More Conclusions/Issues • New technologies are adopted if they save time/are better. • Studies show that engineers in the US want content from colleagues/trade/ trusted sources but they are quite willing to change formats/modes of delivery. Engineers in India use more formally published information – but in general geography doesn’t make big differences. • Electronic backfiles are being used. • Real work is done f2f or in other personal settings -- email is for formalizing communication.
More Conclusions/Issues 22. Medical researchers multi-task, they want full-text, they need a range of types of materials depending upon what they are doing, e.g., catch up on lit, research a problem. 23. Different types of researchers need different types of images – and need indexing help to find them. 24. Brill has put their digital content up to be mined. But many (40%) do come directly. They have put their content into Google’s Book Search – now to facilitate sales, later to facilitate readers buying access (.5 M visitors). This enables them to provide the world with access to their materials and a new revenue stream on older materials long given up as $ generators.
More Conclusions/Issues 25. Google generates so much information that old fashioned filtered/published information has become attractive again at least to some. But will this continue? 26. A survey of librarians showed that librarians see too much to do, not enough time, staff, or budget to become to the kind of library they see they need to be. 27. Would like a seamless integration of all their content, that works wonderfully, that makes them better than Google. Want someone else to do it at a good price. 28. The academic library is/has lost its value added to the research enterprise niche. They have super content, expensive, hard to use, and users expect us to pull it all together. 29. Librarians want help defending their niche/turf/role.
More Conclusions/Issues • Most content money is digital. Most staff costs are print related. Continue? • At least initially, some book vendors want to sell e-books like printed books. This is familiar and comfortable for many publishers and vendors. Deck chair rearranging? • Publishers will perhaps have a choice: sell their content via a Google to millions, or, to librarians to thousands at a time.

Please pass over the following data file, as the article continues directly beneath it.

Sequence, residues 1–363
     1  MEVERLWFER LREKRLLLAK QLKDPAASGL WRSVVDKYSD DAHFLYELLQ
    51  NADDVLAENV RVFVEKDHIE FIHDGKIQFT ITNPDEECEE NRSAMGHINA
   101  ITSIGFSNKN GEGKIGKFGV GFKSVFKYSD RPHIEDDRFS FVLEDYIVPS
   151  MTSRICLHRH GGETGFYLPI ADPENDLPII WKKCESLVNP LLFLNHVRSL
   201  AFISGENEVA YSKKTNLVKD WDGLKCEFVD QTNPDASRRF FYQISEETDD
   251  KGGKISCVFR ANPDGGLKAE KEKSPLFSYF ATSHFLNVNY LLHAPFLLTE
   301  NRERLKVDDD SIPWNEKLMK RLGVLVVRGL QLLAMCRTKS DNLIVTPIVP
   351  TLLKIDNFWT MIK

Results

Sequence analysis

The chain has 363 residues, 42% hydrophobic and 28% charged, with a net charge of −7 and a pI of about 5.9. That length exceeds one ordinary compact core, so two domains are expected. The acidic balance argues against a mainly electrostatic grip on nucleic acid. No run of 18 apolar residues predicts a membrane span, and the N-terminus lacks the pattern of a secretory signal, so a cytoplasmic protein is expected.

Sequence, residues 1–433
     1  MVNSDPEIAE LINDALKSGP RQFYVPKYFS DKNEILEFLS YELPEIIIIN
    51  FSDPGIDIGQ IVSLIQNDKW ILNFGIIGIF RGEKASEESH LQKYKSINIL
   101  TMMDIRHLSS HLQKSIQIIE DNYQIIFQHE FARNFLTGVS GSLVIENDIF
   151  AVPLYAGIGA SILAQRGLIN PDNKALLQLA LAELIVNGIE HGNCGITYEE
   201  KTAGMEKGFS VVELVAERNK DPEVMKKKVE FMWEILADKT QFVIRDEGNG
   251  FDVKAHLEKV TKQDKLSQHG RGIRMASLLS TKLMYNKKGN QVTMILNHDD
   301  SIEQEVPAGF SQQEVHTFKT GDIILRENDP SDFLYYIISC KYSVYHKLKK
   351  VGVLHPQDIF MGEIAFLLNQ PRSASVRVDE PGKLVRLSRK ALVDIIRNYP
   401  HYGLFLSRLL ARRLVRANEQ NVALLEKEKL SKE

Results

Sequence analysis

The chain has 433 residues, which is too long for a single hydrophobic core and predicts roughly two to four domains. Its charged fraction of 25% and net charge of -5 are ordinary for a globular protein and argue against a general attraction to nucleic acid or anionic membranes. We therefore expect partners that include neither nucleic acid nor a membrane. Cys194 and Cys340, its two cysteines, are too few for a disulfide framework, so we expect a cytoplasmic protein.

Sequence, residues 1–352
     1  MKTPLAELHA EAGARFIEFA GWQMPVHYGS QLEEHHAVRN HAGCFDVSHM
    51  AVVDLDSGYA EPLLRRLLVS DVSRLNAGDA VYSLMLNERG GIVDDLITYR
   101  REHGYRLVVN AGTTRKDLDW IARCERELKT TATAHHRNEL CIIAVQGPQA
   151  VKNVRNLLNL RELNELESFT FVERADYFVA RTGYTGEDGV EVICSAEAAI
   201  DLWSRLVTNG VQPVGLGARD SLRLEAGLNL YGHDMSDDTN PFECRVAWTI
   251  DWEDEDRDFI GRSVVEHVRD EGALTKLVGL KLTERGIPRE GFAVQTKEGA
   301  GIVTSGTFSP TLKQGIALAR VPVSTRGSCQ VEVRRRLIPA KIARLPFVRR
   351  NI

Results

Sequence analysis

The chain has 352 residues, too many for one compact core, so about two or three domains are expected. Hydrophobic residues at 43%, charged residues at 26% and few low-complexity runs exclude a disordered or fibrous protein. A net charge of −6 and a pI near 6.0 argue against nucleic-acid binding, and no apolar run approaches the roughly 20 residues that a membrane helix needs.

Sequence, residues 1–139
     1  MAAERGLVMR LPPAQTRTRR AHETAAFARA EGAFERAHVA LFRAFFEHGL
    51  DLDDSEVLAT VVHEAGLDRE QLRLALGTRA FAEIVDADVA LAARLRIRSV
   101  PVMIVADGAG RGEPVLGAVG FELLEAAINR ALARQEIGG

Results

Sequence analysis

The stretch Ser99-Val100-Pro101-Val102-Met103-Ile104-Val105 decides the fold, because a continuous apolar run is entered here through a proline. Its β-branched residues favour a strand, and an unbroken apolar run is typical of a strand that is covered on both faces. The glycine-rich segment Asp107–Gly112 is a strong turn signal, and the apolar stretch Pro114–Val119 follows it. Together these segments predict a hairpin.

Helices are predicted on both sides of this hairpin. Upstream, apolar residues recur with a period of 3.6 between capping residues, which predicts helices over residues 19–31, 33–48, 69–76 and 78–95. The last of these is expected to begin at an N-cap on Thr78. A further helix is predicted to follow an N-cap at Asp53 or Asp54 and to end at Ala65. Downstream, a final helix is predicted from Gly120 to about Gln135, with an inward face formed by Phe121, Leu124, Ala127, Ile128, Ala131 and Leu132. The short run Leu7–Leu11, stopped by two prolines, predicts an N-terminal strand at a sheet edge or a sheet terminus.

More Conclusions/Issues 33. Librarians should see themselves as curators of ideas and free ourselves from our buildings/stacks/etc., irrespective of format.
Predictions Heard • While in the past researchers had to build their information gathering activities around the library’s workflows; to survive, libraries today must build their services around user workflows. • To survive, publishers and vendors must figure out how to help libraries -- or skip them as unneeded links in the information chain. • We (everyone) had censors in the past, we have them now, and we will have them in the future. • Where governments invest more in the support of research, they will ultimately demand to be shown how their investments are paying off.
Predictions Heard 5. Interest in OA isn’t universal; but it is growing for a variety of reasons. • Publishers require money to publish. If OA triumphs, the money being spent in libraries to pay publishers will move to the university units paying the OA charges. • Non STM, non-English publishing will continue to grow but for domestic readership reasons. • While Asia is now a net consumer of research, the numbers suggest that this will not always be the case – China particularly will have more scholars, more research funding, and more research results that any other nation.
Predictions Heard • Google Book Select will give publishers a way of selling older materials. Earlier ideas of going it alone may end. • Google and Microsoft may provide publishers with a choice: sell their content via a Google to millions, or, to librarians to thousands at a time.
Dsoi Gin/Dzai Jian/Goodbye Best wishes on your journey home!